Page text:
Economic Growth Rate Hits 2.5%
The Commerce Department said the increase in the gross national product (GNP), the broadest measure of conomic health, matched a 2.5 percent rise in the April-June quarter. Third-quarter growth was aided primarily by a boom in consumer spending that resulted from heavy car sales.
Inflation showed a marked improvement in the third quarter, with a price index tied to the GNP climbing at an annual rate of just 2.9 percent, down significantly from a 4.9 percent annual advance in the first half of the year.
Through the first nine months of 1989, the economy has grown at an annual rate of 2.9 percent, exactly on target with the Bush administration's forecast for the whole year.
But many analysts are predicting that growth will slump dramatically in the final three months of this year in the absence of the auto sales boom that spurred consumer spending from July through September.
Many economists predict the country will flirt with a possible recession over the next 12 months because of expected weakness in such areas as trade and business investment.
Signs of deterioration were evident in the third quarter as the U.S. trade deficit, as measured by the GNP, surged by $22.9 billion. It was the worst trade figure since the second quarter of 1983.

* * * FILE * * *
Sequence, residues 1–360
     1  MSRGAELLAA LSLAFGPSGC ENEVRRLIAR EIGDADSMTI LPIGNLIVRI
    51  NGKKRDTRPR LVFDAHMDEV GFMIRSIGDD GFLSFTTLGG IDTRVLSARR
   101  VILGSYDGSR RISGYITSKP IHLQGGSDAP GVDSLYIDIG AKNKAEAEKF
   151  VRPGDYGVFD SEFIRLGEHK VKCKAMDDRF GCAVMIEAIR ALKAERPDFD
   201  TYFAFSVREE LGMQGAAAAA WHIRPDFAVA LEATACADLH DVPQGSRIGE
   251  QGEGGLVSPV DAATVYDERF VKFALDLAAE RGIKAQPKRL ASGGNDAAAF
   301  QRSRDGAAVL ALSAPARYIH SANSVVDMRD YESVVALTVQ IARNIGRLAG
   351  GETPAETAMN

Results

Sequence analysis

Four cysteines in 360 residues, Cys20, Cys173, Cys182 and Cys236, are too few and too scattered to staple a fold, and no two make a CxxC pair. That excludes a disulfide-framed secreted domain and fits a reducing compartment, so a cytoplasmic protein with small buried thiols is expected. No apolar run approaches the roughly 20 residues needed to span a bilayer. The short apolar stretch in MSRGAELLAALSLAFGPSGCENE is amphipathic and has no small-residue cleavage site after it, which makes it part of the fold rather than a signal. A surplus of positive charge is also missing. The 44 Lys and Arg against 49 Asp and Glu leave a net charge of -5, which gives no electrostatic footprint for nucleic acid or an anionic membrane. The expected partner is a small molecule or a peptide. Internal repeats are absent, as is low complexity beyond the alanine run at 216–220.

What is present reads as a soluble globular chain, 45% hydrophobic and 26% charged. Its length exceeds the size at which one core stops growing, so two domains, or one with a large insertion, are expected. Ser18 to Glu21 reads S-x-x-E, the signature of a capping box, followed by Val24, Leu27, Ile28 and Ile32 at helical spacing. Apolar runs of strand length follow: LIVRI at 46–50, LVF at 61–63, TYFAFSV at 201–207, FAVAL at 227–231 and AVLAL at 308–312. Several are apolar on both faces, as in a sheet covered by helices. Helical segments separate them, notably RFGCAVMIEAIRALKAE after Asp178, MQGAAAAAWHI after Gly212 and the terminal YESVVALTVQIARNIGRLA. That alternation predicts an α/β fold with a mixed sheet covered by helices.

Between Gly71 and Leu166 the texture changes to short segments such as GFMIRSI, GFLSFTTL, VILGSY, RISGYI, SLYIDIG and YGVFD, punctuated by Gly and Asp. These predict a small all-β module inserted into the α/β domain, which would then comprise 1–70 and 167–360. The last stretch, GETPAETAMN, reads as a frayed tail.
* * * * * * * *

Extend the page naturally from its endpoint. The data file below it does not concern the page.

Trade had been one of the economy's brightest spots as a boom in export sales had spurred a rebound in U.S. manufacturing. However, economists have warned for some time that hefty increases in the value of the dollar threatened to derail the trade improvement by making American goods more expensive on overseas markets.
In the third quarter, imports shot up at an annual rate of 15.1 percent while exports did not grow at all, the poorest showing for exports since early 1986.
The economy was also held back in the third quarter by a $4 billion loss in personal incomes attributed to the devastation from Hurricane Hugo, which hit the Southeast in September. …